“The connections between Congress, congressional staff and lobbyists have been a problem for many years,” said Dennis Thompson, author of the book “Ethics in Congress.”
“In the last few years it’s gotten out of control,” Thompson said. “But Abramoff has taken it to a new level.”
For investigators, the question is whether any lawmakers returned Abramoff’s favors by using their offices to benefit him or his clients, which could violate federal law.
Critics of the campaign finance system say it would be a kind of rough justice if Republicans were hobbled by their relationships with a lobbyist, because they worked so hard to increase coordination between their party and K Street.
Republicans said their efforts were no different than what Democrats did for years to raise money and organize support from their constituencies, including labor unions and civil rights advocates. But Democratic critics said the GOP went much further in linking political money to policy outcomes, and that Abramoff was a master at maneuvering in a system that required lobbyists to “pay to play” on Capitol Hill.
“Jack Abramoff is a classic example of the pay-to-play system carried out in the extreme,” said Fred Wertheimer, head of Democracy 21, a campaign-finance watchdog group.
According to a study by the nonpartisan Center for Responsive Politics, 296 members of Congress since 1999 have received contributions from Abramoff, his Indian tribe clients or SunCruz Casinos. Abramoff and his wife contributed $204,253 -- all of it to Republicans.
In addition, Abramoff also leaned on his Indian clients to give to key lawmakers. The center found that Abramoff’s clients gave almost $4.2 million, more than half to Republicans.
His most famous golf outings took members, including DeLay and Rep. Bob Ney (R-Ohio), to the fabled St. Andrews course in Scotland. Such trips are against House rules if they are paid for by a lobbyist. DeLay and Ney said they believed the trips were properly paid for by a nonprofit group, but prosecutors are reportedly looking at whether Abramoff initially picked up some of the expenses.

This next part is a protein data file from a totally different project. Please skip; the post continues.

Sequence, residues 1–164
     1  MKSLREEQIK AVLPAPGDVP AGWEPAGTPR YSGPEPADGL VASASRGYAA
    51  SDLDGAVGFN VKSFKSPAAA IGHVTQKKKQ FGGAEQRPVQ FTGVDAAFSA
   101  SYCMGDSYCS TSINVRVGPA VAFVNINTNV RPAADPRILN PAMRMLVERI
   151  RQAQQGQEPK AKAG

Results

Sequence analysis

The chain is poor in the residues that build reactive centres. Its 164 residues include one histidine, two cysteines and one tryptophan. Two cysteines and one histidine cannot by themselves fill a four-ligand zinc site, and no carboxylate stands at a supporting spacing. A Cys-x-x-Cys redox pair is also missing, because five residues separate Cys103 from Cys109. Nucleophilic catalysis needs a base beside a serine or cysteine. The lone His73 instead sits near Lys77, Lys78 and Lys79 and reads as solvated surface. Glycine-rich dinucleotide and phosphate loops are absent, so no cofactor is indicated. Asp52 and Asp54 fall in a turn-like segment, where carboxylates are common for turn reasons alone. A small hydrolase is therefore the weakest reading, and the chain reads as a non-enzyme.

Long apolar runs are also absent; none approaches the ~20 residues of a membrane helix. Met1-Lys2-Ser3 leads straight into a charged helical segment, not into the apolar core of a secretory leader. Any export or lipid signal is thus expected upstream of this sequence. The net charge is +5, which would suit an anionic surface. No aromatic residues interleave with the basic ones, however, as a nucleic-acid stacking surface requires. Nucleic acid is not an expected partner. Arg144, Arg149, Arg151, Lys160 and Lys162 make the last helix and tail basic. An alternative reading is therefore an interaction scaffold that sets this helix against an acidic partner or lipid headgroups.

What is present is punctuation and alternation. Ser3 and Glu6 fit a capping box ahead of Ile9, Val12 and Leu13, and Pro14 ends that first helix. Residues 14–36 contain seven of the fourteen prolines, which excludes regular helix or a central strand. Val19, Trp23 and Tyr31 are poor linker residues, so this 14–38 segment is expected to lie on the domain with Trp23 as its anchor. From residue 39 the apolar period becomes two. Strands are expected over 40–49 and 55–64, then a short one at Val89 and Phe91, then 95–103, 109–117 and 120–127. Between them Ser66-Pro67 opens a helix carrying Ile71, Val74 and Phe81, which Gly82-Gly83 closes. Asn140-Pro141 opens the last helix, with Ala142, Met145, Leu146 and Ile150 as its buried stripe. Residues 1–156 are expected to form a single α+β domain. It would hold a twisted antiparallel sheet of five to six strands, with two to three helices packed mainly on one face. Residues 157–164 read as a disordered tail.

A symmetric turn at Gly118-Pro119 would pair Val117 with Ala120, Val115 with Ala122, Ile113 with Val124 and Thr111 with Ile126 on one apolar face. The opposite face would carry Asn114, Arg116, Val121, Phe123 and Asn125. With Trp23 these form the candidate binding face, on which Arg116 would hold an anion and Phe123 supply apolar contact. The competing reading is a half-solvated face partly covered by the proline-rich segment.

Favors done for DeLay and Ney have drawn particular scrutiny because they took aggressive steps to help Abramoff or his clients on issues that seemed remote from their own constituents’ interests. When Abramoff was trying to buy the Florida floating casino fleet, Ney inserted a statement in the Congressional Record critical of Abramoff’s rival.
Abramoff had been hired to stall legislation raising the minimum wage for the U.S.-administered Northern Mariana Islands in the Pacific Ocean, and DeLay was credited with helping him do so. DeLay also was an ally in Abramoff’s effort to fight legislation to allow the taxation of Indian tribe gaming revenue.
DeLay and Ney, like other lawmakers who helped Abramoff, said they took action on the merits, not because they received favors from him.
The last time Washington lobbying came under such broad legal scrutiny was in the Abscam scandal of 1980, when an FBI sting operation led to the conviction of seven members of Congress on corruption charges.
That episode was widely viewed as a scandal involving isolated individuals, the proverbial “bad apples.”
But some critics of the current campaign finance system say that the Abramoff scandal could have broader significance if it is seen as an indictment of a corrupt political system, not just individuals.